1. Be Intentional with Everyday Conversations
Employees and managers alike are often ingrained with the idea that “everyone is replaceable.” But I’ve found that a big part of feeling valued occurs when employees are aware that they add something to the company that no one else can.
2. Show Them that Others Need Them, TooWhile recognition can serve as a great motivator, it can also become a little routine when it always comes from a direct manager.
3. Challenge ThemEvery job comes with less-than-glamorous responsibilities. But it’s important to balance out that grunt work with challenging assignments, too. When you only dole out repetitive tasks (or tasks beneath someone’s skill level), you’re conveying that you don’t really need his or her specific, individual talents. (Come on, anyone could update a client information spreadsheet!)
On the other hand, when you assign an employee a challenging task and actually put your trust in him or her to see it through, what you’re saying is, “I know you’re capable of this, and I trust you to do a great job.”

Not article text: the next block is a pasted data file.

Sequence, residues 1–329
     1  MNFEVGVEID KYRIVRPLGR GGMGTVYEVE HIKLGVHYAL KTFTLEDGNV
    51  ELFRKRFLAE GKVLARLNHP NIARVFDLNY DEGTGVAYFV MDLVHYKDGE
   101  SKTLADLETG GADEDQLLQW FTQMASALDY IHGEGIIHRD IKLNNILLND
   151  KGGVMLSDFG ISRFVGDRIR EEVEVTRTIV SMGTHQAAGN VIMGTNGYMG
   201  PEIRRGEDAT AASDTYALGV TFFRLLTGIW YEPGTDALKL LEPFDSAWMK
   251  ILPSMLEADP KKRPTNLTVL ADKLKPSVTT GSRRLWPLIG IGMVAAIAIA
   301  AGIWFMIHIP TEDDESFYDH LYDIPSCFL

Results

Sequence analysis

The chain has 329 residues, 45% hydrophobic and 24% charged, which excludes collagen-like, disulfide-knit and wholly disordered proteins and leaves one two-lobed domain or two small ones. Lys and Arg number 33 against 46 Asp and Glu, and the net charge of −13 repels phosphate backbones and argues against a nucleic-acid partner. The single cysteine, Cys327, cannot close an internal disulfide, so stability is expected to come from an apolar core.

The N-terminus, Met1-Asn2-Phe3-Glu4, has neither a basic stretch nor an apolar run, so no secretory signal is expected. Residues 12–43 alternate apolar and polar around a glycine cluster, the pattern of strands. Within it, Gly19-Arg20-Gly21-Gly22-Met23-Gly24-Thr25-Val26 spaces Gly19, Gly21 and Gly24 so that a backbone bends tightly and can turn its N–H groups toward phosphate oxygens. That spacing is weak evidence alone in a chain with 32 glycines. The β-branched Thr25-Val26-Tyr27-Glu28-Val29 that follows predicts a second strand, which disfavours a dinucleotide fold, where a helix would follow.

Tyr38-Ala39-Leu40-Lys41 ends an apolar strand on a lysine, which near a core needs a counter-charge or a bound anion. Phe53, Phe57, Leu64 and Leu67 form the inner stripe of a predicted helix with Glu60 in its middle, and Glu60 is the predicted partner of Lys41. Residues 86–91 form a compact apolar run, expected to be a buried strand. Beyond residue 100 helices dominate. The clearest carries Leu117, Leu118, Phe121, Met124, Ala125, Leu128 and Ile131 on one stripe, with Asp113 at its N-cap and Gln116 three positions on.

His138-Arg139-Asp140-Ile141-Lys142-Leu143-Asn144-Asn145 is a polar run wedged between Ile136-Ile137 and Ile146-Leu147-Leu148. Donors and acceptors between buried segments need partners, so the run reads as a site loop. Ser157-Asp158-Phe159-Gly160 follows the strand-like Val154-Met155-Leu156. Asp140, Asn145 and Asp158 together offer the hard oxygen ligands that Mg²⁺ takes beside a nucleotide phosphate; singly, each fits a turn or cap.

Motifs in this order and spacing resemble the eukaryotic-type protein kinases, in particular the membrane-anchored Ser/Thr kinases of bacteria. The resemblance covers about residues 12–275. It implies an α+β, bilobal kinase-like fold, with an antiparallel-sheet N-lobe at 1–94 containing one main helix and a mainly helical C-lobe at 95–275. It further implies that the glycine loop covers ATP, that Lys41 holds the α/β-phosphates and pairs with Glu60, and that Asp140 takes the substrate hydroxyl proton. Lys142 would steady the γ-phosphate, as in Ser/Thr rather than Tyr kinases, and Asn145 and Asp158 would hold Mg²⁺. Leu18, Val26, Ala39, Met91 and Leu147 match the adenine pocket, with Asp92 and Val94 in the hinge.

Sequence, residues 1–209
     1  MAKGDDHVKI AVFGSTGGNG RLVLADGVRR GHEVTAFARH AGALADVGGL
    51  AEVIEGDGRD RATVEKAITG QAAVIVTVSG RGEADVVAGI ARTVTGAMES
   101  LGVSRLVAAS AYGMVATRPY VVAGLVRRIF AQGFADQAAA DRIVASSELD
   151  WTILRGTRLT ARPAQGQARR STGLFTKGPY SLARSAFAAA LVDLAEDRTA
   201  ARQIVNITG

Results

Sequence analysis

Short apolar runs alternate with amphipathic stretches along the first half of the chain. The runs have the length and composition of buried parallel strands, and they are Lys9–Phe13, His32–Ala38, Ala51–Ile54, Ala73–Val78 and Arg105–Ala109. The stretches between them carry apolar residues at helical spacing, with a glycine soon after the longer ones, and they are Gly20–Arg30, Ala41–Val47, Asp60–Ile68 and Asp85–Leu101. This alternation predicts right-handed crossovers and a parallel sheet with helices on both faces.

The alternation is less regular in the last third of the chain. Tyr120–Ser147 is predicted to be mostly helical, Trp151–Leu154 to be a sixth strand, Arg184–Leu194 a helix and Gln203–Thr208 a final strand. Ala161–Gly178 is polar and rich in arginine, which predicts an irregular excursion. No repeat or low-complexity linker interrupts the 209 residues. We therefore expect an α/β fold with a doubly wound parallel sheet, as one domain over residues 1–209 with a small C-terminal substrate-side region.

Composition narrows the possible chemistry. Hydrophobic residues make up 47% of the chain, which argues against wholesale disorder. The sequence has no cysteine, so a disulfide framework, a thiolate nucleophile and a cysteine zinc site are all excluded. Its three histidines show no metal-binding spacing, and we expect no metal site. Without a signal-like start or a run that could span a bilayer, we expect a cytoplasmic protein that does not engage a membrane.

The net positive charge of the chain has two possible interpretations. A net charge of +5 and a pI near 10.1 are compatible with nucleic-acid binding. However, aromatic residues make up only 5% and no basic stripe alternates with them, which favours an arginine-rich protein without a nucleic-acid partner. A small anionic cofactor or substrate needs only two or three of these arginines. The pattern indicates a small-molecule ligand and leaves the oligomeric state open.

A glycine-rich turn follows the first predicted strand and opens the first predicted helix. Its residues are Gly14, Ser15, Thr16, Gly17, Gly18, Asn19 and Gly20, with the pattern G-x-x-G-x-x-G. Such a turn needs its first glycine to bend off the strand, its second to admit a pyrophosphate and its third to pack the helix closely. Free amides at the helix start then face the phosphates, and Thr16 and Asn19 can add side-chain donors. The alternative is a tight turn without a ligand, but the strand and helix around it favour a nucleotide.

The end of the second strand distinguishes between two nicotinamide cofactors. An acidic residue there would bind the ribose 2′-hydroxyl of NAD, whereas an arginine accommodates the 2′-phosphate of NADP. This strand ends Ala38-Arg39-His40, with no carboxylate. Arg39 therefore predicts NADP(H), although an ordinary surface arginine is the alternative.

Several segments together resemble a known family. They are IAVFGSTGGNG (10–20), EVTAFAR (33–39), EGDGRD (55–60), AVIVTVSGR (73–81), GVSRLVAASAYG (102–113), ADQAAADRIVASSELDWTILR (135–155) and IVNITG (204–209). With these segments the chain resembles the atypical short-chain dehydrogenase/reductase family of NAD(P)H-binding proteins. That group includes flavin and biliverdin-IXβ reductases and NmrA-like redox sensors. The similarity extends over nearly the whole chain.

4. Recognize Them as IndividualsTo boost team morale, it’s great to do something for your entire team—like catering lunch or bringing in donuts. But if you’re aiming to show your appreciation for an individual, it can easily get lost in these types of group celebrations. In one fell swoop, your top salesperson and newbie intern have just been rewarded with the same exact thing: a slice of pizza. Guess how valued your top employee is going to feel?